By Pete Dunne and Kevin T. Karlson

Princeton University Press, 2018

Pbk, 208pp; 330 colour photographs

ISBN 978-0-6911-5694-1; £16.99

For gull enthusiasts, the publication of another book on identification is exciting. This book covers the 22 regularly occurring gull species in North America, plus five rare species and some hybrids. You might be wondering what relevance a North American guide to gulls is to European birders. Of course, the book includes a number of species regularly encountered in Europe, such as Great Black-backed Larus marinus and Black-headed Gulls Chroicocephalus ridibundus, but for me the interest lies in species like Herring (what we call American Herring Gull L. smithsonianus), Iceland L. glaucoides, Glaucous L. hyperboreus and Ring-billed Gulls L. delawarensis.

The book starts by showing simple profiles and silhouettes of the gulls and then has a really helpful double-page spread illustrating and describing basic anatomical terms. One useful feature of the book is the annotated photographs, using pointers to highlight key identification features. Pete Dunne’s love of gulls clearly comes out in the introduction, and it is this passion he wants to share! The hope is that by simplifying the approach to identification, more birders will give them a go. The chapter on ‘Traditional gull ID problems’ introduces ageing and moult, and the use of well-written, light-hearted text, and extended captions to the excellent photographs, works really well.

The species accounts form the bulk of the book, and these are well laid out and beautifully illustrated with photographs that have been well chosen to show specific plumage features. There is a short section called ‘Profile’, which nicely captures the look and feel of the species, and text on ‘Status and distribution’, although the maps are a bit out of date for some species. The main focus is on plumage characteristics and the authors aim to use size, structure, and basic plumage features to aid identification while making some attempt to simplify changes in appearance due to moult cycle. Reducing the number of age/moult categories to three, namely adult, sub-adult and immature, arguably doesn’t work so well and there is constant reference to terms such as first-winter within the sections. Ultimately it is questionable whether this guide truly manages to achieve the aims of the author with regard to simplifying age categorisation. It would seem that gull identification and moult cycles are intrinsically linked?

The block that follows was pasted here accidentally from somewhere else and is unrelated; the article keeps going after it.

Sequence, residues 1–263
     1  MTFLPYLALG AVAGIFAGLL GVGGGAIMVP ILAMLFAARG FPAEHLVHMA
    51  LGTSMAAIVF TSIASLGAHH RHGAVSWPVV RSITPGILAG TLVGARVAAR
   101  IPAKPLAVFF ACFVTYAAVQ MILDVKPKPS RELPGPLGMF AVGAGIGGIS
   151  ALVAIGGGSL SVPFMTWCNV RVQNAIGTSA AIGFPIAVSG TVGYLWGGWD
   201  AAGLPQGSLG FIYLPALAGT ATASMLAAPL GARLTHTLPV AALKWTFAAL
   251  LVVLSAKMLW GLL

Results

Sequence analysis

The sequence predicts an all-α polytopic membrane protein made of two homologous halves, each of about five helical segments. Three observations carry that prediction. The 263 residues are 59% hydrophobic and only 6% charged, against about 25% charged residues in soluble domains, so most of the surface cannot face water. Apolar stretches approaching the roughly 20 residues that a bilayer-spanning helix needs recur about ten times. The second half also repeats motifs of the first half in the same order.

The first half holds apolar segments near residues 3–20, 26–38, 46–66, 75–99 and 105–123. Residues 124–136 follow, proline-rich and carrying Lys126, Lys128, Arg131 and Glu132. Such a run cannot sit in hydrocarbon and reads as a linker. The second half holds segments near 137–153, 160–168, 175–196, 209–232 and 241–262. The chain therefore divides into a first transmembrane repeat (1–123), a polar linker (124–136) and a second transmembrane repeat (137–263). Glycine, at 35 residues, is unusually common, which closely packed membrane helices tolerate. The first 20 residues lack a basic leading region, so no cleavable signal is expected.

Extended captions to the photographs make learning easy. The chapter on ‘Dark horse gulls’ (rare or unlikely species) includes Slaty-backed L. schistisagus and Kelp Gulls L. dominicanus, which are certainly on the radar of many keen gull watchers on this side of the Atlantic. The short chapter on hybrid gulls reinforces what a headache gulls can be at times. The book ends with a ‘Quiz and review’; a selection of 35 photographs, and comprehensive answers. 

The overall design of the book is excellent and the photographs are the best collection I’ve seen. For me, one of the standout features of the book is the number of photos showing flocks of mixed species, which is really educational. Kevin Karlson is to be congratulated on his stunning images.

If you’re planning a trip to North America and you’re into gulls, you’ll find this a really accessible book that will help you to make the most of your experience out there. If you have a passion for gulls in Britain, then I also thoroughly recommend this book. The combination of simple approach, brilliant photos and the readable style encourages all birders to dip their toes into the wonderful world of gulls!

Dawn Balmer

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Dawn Balmer
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